Re: shared library -dev package naming proposal
On 7/15/05, Steve Langasek <email@example.com> wrote:
> On Fri, Jul 15, 2005 at 05:30:44PM +0900, Junichi Uekawa wrote:
> > An alternate solution is to have a database for that kind of thing,
> > but I forsee that it requires effort to maintain and keep up-to-date.
> Like the database I just queried above? :)
There's an even better one called "Google". If you're adding a
library dependency to a package that you plan to maintain for the
benefit of a large number of users, you might want to know a little
more about the library, its upstream, and its packager than just what
the relationship is between foo.sf.net, foo-X.X.tgz, and the binary
Automated tools, on the other hand, can and should be primed with
data, not heuristics. Test suites _should_ be fragile so that if
something changes in a remotely questionable way you _spot_ it. Then
you use a heuristic, if available, to update the priming data and
touch it up manually where necessary. Automate where it helps, not
where it hurts.
> > It's rather embarassing to know that Debian isn't organized at all in this
> > manner.
Organization is overrated. While good code is, in the long run, an
aesthetic criterion as much as anything else, some aesthetic instincts
can be misleading. Cathedral / bazaar, and all that. (Though I
personally prefer cathedrals, and if you've read about how they were
actually built, you will see that the Linux, glibc, GCC, perl, python,
etc. development process looks much more like cathedral building than
like the Kasbah.)
> You seem to be embarrassed easily. If this is such a problem for using
> Debian as a development platform, why is this the first time I've seen the
> subject discussed on debian-devel?
There may well be useful tools that are made harder to write by the
indiscriminate naming of packages. For an example where the global
aesthetic criterion does tend to win, at the expense of some use
cases, consider the prejudice against splitting off "micro-packages"
to slim down the dependencies of the main binary package. tetex-bin
comes to mind -- and don't tell me that tetex-base is the main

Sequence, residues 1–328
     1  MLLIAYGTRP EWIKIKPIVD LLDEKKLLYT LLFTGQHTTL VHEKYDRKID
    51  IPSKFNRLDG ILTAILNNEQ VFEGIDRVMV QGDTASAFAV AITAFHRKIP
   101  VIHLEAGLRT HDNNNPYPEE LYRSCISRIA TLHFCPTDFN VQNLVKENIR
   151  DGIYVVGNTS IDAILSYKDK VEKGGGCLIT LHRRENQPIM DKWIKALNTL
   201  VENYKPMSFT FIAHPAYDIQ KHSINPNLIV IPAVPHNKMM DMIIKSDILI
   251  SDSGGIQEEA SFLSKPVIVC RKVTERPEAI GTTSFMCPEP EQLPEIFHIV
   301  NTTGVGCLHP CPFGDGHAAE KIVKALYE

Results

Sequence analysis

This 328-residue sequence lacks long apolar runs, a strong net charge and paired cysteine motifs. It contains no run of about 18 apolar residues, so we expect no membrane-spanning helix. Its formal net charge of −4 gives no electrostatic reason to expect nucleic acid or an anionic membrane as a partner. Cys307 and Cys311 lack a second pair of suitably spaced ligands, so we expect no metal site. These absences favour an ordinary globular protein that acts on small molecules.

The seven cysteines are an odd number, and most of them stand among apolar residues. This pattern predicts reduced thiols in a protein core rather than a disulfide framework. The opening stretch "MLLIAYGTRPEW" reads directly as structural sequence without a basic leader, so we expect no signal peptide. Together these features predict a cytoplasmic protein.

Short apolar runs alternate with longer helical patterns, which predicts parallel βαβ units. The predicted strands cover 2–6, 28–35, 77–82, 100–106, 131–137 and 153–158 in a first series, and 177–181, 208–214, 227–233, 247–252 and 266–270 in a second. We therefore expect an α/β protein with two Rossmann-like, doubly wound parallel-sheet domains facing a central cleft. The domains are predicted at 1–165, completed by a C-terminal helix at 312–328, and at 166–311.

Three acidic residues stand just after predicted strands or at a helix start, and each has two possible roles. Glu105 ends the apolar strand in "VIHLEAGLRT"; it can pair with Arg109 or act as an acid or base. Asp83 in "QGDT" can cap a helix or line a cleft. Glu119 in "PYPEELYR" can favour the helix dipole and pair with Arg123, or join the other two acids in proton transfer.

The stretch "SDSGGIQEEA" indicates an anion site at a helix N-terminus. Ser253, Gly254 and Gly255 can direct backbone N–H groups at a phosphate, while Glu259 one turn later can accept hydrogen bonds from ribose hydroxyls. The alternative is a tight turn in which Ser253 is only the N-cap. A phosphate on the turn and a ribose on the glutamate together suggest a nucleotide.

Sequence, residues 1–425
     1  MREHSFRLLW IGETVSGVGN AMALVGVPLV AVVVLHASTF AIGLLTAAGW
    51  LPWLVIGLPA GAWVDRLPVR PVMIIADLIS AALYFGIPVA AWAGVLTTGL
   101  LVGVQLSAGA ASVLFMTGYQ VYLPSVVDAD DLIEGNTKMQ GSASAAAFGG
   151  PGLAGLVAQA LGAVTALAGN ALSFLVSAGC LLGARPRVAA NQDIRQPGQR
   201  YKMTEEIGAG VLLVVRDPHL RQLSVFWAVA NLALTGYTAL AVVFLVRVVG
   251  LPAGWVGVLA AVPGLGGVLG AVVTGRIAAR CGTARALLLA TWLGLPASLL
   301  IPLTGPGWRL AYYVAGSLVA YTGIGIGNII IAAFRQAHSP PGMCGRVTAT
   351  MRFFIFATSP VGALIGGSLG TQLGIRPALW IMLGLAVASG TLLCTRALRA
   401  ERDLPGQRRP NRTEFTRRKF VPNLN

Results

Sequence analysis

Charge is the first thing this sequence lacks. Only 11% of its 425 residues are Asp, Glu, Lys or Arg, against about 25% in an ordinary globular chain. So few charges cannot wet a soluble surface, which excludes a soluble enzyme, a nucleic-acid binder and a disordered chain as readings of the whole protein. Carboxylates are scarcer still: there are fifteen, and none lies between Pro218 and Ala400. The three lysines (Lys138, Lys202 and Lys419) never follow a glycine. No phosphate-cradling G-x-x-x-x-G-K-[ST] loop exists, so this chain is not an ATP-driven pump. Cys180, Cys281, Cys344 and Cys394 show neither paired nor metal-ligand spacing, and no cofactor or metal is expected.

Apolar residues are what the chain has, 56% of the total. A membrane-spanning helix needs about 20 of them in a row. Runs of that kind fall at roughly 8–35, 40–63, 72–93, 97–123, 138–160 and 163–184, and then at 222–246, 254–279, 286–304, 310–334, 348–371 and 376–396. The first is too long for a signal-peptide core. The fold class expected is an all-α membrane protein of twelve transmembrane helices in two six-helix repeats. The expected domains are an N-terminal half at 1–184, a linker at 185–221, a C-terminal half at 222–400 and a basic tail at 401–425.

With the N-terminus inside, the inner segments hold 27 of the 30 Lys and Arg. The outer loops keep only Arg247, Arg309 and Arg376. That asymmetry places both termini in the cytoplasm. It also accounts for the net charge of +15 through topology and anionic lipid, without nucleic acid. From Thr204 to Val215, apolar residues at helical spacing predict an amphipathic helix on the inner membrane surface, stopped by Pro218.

package, because it's tetex-bin that is needed when building X11 (last
time I checked; still true of xfree86 in unstable; apparently also
true of xorg).
Perhaps it's not worth splitting out xpdf as a separate source package
to break the circular build-depends -- although it would avoid
gratuitous security updates to the rest of tetex. But I for one
really don't like having to have the binary packages from an old
xfree86 build installed in order to do a new build. Yeah, you can
build your own tetex-bin with xpdf excluded, or just force-install
tetex-bin without the X libs in a chroot -- but it's ugly.
I know that the package count is getting to be a scalability problem
and that people are working on ways of dealing with that, and in the
meantime there is some rational pressure not to split packages
needlessly. I'm not blaming the TeTeX team for weighing the factors
and deciding not to split. I'm just giving an example of a warning
sign that too many meanings are being overloaded onto one technical
distinction -- in this case, the boundaries of a .deb. Another
example would be localization packages; I hope I don't need to spell
that one out.
> I'm not convinced that the problem you're trying to solve is of sufficiently
> general interest to outweigh all of the other problems it introduces (such
> as the ones that have been pointed out in this thread).
IMHO the problem is real, the solution is wrong. Don't try to
organize the underlying data; add enough metadata markup that you can
present better organized views for various purposes. Don't rush to
add that metadata to debian/control; sketch out a heuristic using
existing metadata that leaves you with a relatively small number of
manual overrides, write real applications that use it, and then decide
if it's OK to keep the manual overrides as detached metadata or if
they belong in debian/control.